Rita Ebel, nicknamed 'Lego grandma', testing out one of her wheelchair ramps built from donated Lego bricks in Hanau, Germany, on Monday
Ebel started to build the ramps almost one year ago to raise awareness for disabled people in her hometown of Hanau
'For me it is just about trying to sensitise the world a little bit to barrier-free travel,' Ebel said.
'Anyone could suddenly end up in a situation that puts them in a wheelchair, like it did me,' she added.
The bright colours of the Lego ramps stand out in town centres, Ebel said.
'Nobody just walks past a Lego ramp without taking a look. Whether it's children who try to get the bricks out or adults who take out their mobile phones to take pictures,' she said.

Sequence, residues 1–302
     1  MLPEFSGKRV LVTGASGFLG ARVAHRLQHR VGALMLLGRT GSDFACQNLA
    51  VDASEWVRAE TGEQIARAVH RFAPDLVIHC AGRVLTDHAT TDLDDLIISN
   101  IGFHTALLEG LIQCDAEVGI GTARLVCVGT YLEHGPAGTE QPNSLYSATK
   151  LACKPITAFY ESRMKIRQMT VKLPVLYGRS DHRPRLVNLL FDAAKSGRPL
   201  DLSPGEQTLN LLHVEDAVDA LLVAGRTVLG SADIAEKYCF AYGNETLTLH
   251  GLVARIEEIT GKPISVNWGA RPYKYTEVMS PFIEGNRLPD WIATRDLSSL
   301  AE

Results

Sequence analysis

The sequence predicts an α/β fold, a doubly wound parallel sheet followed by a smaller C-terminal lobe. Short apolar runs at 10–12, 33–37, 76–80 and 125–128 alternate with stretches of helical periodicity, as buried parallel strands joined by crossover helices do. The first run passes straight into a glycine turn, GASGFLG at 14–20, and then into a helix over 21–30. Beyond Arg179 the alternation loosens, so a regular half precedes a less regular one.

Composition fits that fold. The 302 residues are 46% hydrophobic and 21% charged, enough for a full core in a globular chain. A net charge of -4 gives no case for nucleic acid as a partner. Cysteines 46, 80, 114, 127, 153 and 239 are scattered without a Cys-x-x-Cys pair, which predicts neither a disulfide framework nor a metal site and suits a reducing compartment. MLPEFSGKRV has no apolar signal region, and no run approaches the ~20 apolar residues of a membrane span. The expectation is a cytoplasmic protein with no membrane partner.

Ebel building a wheelchair ramp from donated Lego bricks in the living room of her flat in Hanau on Monday
Dozens of stores in her hometown of Hanau now use the ramps to ease the entry for wheelchair users
Malika El Harti, who got a ramp for her hair salon, said: 'It's a brilliant idea. Everyone who walks past is happy about the ramps. Finally you can see from afar that you can get in here without any problems.'
Reliant on donations, the biggest challenge is getting hold of bricks, said Eber, as many families can't bear to part with them.
The idea is even catching on abroad. Eber, who also has a part-time job, has sent ramp building instructions to Austria and Switzerland and there is interest from Spain and a school in the United States.
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